I really believe that if you can only travel to one place in your whole life, Rome should be it. First off, which has nothing to do with the history of Rome, but of all places to find a parking spot… we arrived on Saturday afternoon and immediately found a spot on the side of the road. When I put in 6 euros for parking, it marked us paid until Monday morning! So, we had a prime spot, less than a mile from the Coliseum and Vatican City and for less than 10 dollars. We were set. An extra added bonus was that someone who lived nearby had a nonreliable but unsecured wireless connection. Although we didn’t have power to the RV, so we didn’t have much time on the computer, we were able to use the ipod to post a few emails which was nice.

Not being a catholic, I was not sure how I would feel walking into the Vatican. I mean I have been to the holiest of holy in Jerusalem. . But I have to say, walking into the semi circle structure that makes up St. Peters Square was such an overpowering feeling…it really wasn’t anything the same of when I stood infront of the wailing wall in Israel. It wasn’t so much the religious aspect of the city, it was the awe inspiring feeling of the people and buildings that surrounded. The circle has been in hundreds of movies and there were more than that in people standing in the circle with us, yet standing there, it felt as if you were the only one with the statues and saints surrounding.

We spent Saturday walking around Vatican City and then headed back to the camper. We made Pasta and drank a bottle of wine on the streets of Rome and then walked around with all the locals for a fun Saturday night on the town. We stopped by the Trevi Fountain.

Sunday, we walked around and all through the city…visiting the Coliseum, the Pantheon, The old Jewish Quarters, and well just about anywhere our feet would take us…along with eating slices of pizza on the streets


The Pantheon was a sight for sore eyes. The building was huge and so impressive except for the fact that split right down the middle of the building was a construction set up that destroyed every attempt at a good picture.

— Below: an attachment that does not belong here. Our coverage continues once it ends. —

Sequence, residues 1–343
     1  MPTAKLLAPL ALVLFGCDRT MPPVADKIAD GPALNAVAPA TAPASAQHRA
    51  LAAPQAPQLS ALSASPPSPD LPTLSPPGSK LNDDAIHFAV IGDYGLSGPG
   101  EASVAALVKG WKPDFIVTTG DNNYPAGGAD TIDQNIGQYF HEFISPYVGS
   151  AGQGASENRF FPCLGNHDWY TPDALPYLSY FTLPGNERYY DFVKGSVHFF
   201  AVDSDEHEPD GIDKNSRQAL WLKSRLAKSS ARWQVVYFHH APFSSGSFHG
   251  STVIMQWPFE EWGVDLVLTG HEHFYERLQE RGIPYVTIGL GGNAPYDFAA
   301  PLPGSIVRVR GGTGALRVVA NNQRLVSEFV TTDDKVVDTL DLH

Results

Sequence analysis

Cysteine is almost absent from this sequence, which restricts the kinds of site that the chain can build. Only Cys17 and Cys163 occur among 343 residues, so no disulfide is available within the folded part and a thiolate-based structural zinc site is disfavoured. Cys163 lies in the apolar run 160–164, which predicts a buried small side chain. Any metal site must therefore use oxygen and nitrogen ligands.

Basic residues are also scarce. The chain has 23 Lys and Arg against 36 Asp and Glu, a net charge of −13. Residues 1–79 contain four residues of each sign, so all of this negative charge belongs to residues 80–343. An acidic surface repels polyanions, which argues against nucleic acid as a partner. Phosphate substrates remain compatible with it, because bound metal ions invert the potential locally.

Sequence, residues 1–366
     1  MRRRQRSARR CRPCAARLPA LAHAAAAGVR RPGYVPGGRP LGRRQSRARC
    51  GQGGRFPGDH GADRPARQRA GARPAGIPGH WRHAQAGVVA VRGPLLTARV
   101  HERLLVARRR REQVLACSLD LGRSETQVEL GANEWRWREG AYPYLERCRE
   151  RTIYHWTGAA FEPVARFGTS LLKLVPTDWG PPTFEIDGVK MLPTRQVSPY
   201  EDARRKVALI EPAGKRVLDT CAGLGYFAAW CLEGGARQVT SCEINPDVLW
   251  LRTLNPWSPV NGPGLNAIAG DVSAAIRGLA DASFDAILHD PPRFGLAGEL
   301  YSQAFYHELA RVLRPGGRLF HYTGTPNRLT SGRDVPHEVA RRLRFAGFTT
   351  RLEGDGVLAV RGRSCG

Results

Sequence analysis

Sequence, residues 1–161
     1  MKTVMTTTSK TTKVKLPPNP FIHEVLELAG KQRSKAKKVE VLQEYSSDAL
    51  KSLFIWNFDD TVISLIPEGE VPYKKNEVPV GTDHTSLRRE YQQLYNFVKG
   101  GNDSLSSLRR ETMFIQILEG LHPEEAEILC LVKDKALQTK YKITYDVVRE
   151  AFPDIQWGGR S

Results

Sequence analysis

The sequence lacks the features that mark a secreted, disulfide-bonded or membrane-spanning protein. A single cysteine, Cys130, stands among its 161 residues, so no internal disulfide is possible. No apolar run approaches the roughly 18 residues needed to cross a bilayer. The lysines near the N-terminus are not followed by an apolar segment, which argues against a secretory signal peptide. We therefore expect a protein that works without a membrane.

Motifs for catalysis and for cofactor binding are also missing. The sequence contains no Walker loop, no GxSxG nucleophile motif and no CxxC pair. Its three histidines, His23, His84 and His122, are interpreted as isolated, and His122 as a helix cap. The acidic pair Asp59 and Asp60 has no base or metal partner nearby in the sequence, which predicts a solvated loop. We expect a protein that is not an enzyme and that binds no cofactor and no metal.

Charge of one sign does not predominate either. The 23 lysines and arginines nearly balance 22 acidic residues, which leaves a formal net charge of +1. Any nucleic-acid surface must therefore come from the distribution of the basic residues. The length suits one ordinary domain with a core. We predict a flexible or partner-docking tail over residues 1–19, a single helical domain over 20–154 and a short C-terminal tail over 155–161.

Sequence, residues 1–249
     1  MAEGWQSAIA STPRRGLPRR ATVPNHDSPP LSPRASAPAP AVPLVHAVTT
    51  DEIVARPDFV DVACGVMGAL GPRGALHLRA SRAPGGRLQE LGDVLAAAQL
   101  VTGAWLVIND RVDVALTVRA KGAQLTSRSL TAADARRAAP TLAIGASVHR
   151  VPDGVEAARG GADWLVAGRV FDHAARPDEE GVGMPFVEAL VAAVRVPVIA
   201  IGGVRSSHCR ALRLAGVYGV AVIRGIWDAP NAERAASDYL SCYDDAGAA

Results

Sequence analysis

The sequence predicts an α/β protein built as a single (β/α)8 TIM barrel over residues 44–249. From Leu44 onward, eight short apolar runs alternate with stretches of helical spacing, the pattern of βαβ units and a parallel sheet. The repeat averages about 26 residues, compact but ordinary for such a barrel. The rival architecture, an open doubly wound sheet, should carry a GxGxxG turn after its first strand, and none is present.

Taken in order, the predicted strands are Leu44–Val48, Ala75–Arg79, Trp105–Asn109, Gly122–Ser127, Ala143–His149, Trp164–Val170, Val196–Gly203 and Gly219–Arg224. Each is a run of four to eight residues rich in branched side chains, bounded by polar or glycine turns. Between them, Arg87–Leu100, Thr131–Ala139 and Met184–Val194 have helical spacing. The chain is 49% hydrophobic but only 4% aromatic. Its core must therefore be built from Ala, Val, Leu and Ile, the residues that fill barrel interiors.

The Colosseum was great. Outside and leading up to it, were all sorts of locals participating in every activity imaginable. There was tug of war, box car racing, a type of tennis played with tambourines and just activities everywhere. The building itself was set much more in the middle of town then I had previously thought. It really looks exactly like every picture you have ever seen, except taller. The building screams greatness and I can only imagine years ago when the people in togas rode on their chariots through the city streets just to watch the next battle.

The Palazzio Venezia was one of the first huge intersections we came to and right in front was a tremendous overpowering white building which was used during Mussolini’s rule. The building is now a war museum where I swear one of the older generals looked very much like my uncle.
Here is a little secret…Italy is a tourist destination…but what separates it from all of the other places we have been is that they do it with class. None of their tourism booths or sales people overtakes and disturbs the rarity of their sites. Sure there are trinkets to buy, but they don’t get in the way of your pictures, no one is begging and haggling and getting in the way of the beauty of what they have to offer.

PS. as always, click the photo tab at top to see more!

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